Centre for Integrated Oncology (CIO), University Hospital of Cologne.

Cologne, Germany, 2020.

After around four years of construction and an investment of some EUR 115 million (funded by the state of North Rhine-Westphalia), the Centre for Integrated Oncology (CIO) at the University Hospital of Cologne opened its doors towards the end of 2019. Spanning around 14,000 m² across seven floors, it is the largest cancer outpatient unit in the whole of Germany. The modern centre has the capacity to offer pioneering treatments to some 24,000 cancer patients every year.

Around 30 different specialist consultation sessions can be held across four of the floors. The centre also practices an interdisciplinary approach, with many study groups being based in the new building and running around 300 clinical studies relating to oncology every year.

Every inch of space in the relatively small building has been capitalised on since plenty of natural light and ventilation dominate the layout. There is also the flexibility to change how rooms are divided up to make them bigger or smaller as required since the floor screed was applied first, allowing for walls to be moved around with little effort later on. Plumbing lines, cables and medical gases were then installed in media ducts running through the corridor ceilings and front walls.

Along with the two atriums – one of which is a covered entrance atrium with three levels – the front of the CIO also makes a striking statement. Depending on which way you look at the building, it appears in six different shades of red and green thanks to its triangular slats made from extruded aluminium profiles.

The top floor of the CIO is a special spot. Boasting a stunning roof terrace and spaces dedicated to movement and creativity, it is used to offer psychological support to cancer patients and is open to Lebenswert e.V., an organisation focusing on the psychological aspects of cancer.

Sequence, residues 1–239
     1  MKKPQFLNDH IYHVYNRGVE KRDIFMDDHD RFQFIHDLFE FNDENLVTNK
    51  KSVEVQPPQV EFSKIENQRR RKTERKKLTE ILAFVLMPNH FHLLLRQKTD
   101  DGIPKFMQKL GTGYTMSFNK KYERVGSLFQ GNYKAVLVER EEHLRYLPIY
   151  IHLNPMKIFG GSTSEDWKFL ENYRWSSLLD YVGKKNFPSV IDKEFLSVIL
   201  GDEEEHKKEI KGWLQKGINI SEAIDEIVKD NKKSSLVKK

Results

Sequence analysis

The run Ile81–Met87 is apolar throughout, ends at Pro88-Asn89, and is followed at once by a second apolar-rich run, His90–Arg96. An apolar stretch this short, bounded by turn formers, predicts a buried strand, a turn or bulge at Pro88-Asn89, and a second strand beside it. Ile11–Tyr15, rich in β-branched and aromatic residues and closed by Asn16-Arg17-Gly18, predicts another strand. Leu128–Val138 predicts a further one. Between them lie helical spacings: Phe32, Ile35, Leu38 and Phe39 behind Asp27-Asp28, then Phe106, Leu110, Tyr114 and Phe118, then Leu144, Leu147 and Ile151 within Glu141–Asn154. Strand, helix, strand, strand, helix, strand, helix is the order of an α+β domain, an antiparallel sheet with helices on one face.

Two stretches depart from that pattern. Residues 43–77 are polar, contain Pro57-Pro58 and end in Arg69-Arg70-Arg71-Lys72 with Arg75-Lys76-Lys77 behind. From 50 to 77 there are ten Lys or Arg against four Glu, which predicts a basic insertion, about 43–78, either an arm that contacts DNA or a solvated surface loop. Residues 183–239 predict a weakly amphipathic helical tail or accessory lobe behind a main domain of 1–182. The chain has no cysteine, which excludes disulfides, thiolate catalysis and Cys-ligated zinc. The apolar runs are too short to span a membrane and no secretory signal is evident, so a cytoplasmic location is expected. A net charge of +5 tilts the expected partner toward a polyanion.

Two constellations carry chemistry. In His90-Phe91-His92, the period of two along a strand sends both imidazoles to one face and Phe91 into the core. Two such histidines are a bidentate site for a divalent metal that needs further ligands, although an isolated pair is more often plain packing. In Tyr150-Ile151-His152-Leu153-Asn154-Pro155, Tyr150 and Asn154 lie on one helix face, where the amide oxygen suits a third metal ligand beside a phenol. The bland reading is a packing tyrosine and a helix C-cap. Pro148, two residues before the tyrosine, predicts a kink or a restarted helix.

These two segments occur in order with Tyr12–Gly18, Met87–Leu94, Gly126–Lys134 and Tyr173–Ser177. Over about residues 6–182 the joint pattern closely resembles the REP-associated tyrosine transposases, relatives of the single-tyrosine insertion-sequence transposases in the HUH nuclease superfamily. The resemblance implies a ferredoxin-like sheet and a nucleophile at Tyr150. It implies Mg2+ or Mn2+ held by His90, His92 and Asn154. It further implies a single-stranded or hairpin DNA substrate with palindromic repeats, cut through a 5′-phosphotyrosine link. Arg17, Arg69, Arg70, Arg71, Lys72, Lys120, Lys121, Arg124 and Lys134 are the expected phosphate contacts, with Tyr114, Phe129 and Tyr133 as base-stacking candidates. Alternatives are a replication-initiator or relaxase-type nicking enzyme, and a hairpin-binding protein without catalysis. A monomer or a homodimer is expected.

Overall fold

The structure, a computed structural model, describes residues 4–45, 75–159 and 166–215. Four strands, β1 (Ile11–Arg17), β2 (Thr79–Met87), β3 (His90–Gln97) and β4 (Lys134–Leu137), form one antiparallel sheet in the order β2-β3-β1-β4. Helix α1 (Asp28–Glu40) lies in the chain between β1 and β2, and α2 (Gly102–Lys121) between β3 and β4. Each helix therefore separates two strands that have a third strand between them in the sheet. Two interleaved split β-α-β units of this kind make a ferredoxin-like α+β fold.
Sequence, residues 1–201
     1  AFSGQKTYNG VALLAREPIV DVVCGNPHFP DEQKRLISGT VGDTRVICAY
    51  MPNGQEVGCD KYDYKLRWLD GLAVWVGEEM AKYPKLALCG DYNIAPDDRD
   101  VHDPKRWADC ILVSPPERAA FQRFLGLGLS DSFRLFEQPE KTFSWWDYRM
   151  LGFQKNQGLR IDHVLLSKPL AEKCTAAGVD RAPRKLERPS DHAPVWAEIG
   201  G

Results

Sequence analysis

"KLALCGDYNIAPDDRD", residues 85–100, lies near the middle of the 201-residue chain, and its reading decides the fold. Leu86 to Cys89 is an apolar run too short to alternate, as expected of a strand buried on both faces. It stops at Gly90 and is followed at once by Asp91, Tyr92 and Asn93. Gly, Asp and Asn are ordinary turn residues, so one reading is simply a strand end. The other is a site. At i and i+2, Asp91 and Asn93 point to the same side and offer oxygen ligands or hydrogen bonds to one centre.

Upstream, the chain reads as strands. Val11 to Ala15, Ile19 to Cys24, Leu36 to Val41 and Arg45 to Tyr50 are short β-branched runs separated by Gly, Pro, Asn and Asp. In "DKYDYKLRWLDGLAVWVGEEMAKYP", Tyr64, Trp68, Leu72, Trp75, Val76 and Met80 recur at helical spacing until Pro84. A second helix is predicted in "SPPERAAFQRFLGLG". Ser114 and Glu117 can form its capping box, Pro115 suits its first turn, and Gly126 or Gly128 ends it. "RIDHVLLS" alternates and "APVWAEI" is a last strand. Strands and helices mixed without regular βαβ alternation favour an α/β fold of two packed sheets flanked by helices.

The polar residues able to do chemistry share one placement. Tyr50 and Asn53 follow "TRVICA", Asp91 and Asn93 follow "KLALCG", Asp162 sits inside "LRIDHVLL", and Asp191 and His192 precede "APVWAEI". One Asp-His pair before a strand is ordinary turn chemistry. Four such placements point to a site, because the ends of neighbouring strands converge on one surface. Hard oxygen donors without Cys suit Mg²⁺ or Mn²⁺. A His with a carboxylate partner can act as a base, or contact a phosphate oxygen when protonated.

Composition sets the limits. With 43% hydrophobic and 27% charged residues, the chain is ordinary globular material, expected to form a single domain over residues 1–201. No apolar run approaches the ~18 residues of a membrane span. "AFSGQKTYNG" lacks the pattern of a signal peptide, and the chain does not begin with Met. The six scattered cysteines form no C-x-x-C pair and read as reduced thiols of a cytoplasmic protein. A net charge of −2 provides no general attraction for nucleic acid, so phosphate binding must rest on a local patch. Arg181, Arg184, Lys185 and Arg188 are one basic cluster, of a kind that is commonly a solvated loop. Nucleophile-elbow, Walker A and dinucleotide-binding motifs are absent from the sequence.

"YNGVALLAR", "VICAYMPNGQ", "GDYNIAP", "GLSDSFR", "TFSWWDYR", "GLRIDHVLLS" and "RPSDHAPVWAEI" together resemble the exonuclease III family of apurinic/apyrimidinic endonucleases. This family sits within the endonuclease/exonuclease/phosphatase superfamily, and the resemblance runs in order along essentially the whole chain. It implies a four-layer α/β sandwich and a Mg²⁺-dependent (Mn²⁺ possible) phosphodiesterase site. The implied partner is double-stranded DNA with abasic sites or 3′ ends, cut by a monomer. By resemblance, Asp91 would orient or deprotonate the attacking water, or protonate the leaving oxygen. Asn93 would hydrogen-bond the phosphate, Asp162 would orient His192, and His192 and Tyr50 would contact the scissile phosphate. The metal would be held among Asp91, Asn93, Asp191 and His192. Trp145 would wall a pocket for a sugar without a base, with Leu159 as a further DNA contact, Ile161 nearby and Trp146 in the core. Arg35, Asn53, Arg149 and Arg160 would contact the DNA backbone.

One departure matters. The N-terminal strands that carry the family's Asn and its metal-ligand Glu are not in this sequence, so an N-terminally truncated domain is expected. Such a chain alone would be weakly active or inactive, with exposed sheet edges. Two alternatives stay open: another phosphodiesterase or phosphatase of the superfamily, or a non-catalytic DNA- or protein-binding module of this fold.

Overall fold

In keeping with the building concept, even the building’s air conditioning system is innovative, with four drilled geothermal wells on hand to heat up or cool down the CIO. The ceilings also have their part to play in keeping the temperature spot on by means of concrete core activation.

Brunner’s modular banc lounge system features in the architectural wonder that is the entrance atrium as well as in the waiting and lounge areas located on the various levels. The choice of natural, muted colours allows the furniture to blend in nicely with its surroundings, without standing out or drawing the eye away from the architectural features.

The treatment rooms are home to the fina shell chair with plastic armrests, which is the perfect fit given that it ticks all the boxes as far as hygiene is concerned, making it ideal for this environment.

fina also features in the seminar rooms, but the model with a fully upholstered shell was selected for this setting.

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